Subject: I have found a DVD that I think you would enjoy
Actors: Tommy Alford, Peter Coyote, Ike Eisenmann, Cary Guffey, John Hammond
Director: Martin Ritt
Studio: Lions Gate Home Ent. Release Date: 02/10/2009 Run time: 120 minutes Rating: Pg
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Wonderful characters, beautiful location, funny and poignant
Rozanne Mckinney | USA (Texas) | 09/30/1999
(5 out of 5 stars)
"Mary Steenbergen's portrayal of writer Marjorie Kinnan Rawlings is very believable - she's independent and a little stand-offish, but comes to care for her backwoods (and often eccentric) neighbors at Cross Creek as she adjusts to country life in the 1920's. Rip Torn is entertaining and touching as her sometimes-inebriated friend and neighbor Marsh Turner, and Peter Coyote is a charming friend and suitor. The movie is shot on location near Cross Creek, which enhances this interpretation of her 1941 bestselling book of the same name."
Superb Drama - Brilliant Performances
songbear | Ashburn, VA United States | 07/25/2002
(5 out of 5 stars)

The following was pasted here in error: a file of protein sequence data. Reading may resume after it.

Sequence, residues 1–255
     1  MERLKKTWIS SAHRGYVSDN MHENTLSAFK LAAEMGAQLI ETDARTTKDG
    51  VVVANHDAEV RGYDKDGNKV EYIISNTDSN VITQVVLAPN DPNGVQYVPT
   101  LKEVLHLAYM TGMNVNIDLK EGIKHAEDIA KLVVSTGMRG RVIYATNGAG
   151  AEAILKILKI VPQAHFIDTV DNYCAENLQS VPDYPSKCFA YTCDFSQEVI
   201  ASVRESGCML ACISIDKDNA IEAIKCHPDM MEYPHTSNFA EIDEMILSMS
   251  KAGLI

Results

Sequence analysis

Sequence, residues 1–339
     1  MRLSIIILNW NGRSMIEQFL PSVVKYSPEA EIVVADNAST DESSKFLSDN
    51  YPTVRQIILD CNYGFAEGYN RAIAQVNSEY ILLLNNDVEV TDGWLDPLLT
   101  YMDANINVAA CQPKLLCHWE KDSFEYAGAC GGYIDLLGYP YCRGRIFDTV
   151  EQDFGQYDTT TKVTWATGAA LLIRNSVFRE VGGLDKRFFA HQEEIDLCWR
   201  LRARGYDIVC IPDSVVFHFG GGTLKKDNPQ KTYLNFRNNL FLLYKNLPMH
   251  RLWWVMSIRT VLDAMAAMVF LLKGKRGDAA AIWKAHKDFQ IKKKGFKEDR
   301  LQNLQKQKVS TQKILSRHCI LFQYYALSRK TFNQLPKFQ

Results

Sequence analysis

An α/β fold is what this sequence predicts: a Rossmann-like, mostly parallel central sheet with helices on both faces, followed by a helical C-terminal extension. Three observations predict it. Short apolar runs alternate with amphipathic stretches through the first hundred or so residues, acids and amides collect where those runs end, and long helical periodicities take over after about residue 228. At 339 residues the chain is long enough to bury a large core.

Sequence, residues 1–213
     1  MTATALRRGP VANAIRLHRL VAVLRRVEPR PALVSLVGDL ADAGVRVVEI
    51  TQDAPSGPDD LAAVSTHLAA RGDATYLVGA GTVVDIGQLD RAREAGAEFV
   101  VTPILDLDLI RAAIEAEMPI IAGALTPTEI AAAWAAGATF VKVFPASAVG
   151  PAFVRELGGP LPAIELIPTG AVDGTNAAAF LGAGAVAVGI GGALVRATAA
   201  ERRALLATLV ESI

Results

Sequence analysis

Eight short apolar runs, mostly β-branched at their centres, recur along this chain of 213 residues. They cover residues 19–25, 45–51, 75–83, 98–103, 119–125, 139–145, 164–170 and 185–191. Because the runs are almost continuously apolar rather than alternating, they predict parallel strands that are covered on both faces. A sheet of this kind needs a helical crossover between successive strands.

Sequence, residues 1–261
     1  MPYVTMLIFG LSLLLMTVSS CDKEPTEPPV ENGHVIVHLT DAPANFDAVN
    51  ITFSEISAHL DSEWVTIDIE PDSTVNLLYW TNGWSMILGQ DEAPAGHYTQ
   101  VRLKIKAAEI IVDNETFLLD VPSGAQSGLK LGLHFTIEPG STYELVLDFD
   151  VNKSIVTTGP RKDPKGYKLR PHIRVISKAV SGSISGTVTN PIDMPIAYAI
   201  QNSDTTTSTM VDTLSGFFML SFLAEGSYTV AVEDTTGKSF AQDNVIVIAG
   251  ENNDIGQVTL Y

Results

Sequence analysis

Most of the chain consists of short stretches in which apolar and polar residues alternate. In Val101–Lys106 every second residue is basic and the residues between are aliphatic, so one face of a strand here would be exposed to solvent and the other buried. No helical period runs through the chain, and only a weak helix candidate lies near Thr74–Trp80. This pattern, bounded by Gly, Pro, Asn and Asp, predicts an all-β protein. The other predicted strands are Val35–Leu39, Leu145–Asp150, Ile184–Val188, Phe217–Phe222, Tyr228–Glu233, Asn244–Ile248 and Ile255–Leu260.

"Cross Creek is the story of Marjorie Rawlings, the author of the Yearling. Set in a backwoods community in Florida in the 1920s, Ms. Rawlings sets off to write the perfect gothic romance and become a published author. She arrives at her recently purchased property in a broken down automobile to find her house is nothing more than a run down shack and her orange grove completely grown over from neglect. The conflict in the movie arises from her strong willed independence and the need to become part of the community at Cross Creek in order to survive. The characters that are part of that community and the actors and actresses that portray them is precisely what makes this film one of the best dramas ever made. The screenplay is strong, the character development is rich, and the screenplay and story line is completely convincing. Mary Steenburgen performs the lead role with elegance and a vitality rarely found in roles like this. She has more charm than Kate Hepburn, and she manages to be so believable because she can navigate the feistiness, fear, anger, frustration, sadness, and humor of Ms. Rawlings and her adventures at Cross Creek without missing a beat. Peter Coyote plays Mr. Norton Baskin, a local innkeeper seeking her attention. Alfre Woodard brilliantly plays Geechie, her maid and manages to steal a few scenes in the process. But the two supporting performances that stand out are those of Rip Torn and Dana Hill. Torn and Hill are father and daughter from a dirt poor family try to scrap a living on the creek. They befriend Rawlings, and what results is the real life inspiration for the Yearling. I believe this film was nominated for four Academy Award Nominations - with three acting nominations - one each for Rip Torn, Alfre Woodard, and Steenburgen. If you enjoy good drama, strong female roles, true stories, or just plain great acting, this would be a fine addition to any collection. My only disappointment with the DVD package is the film is presented in mono instead of Dolby Stereo, but the picture quality is superb. They even managed to include a short featurette. Still, I give this movie five stars, and highly recommend. It is one of my personal favorites."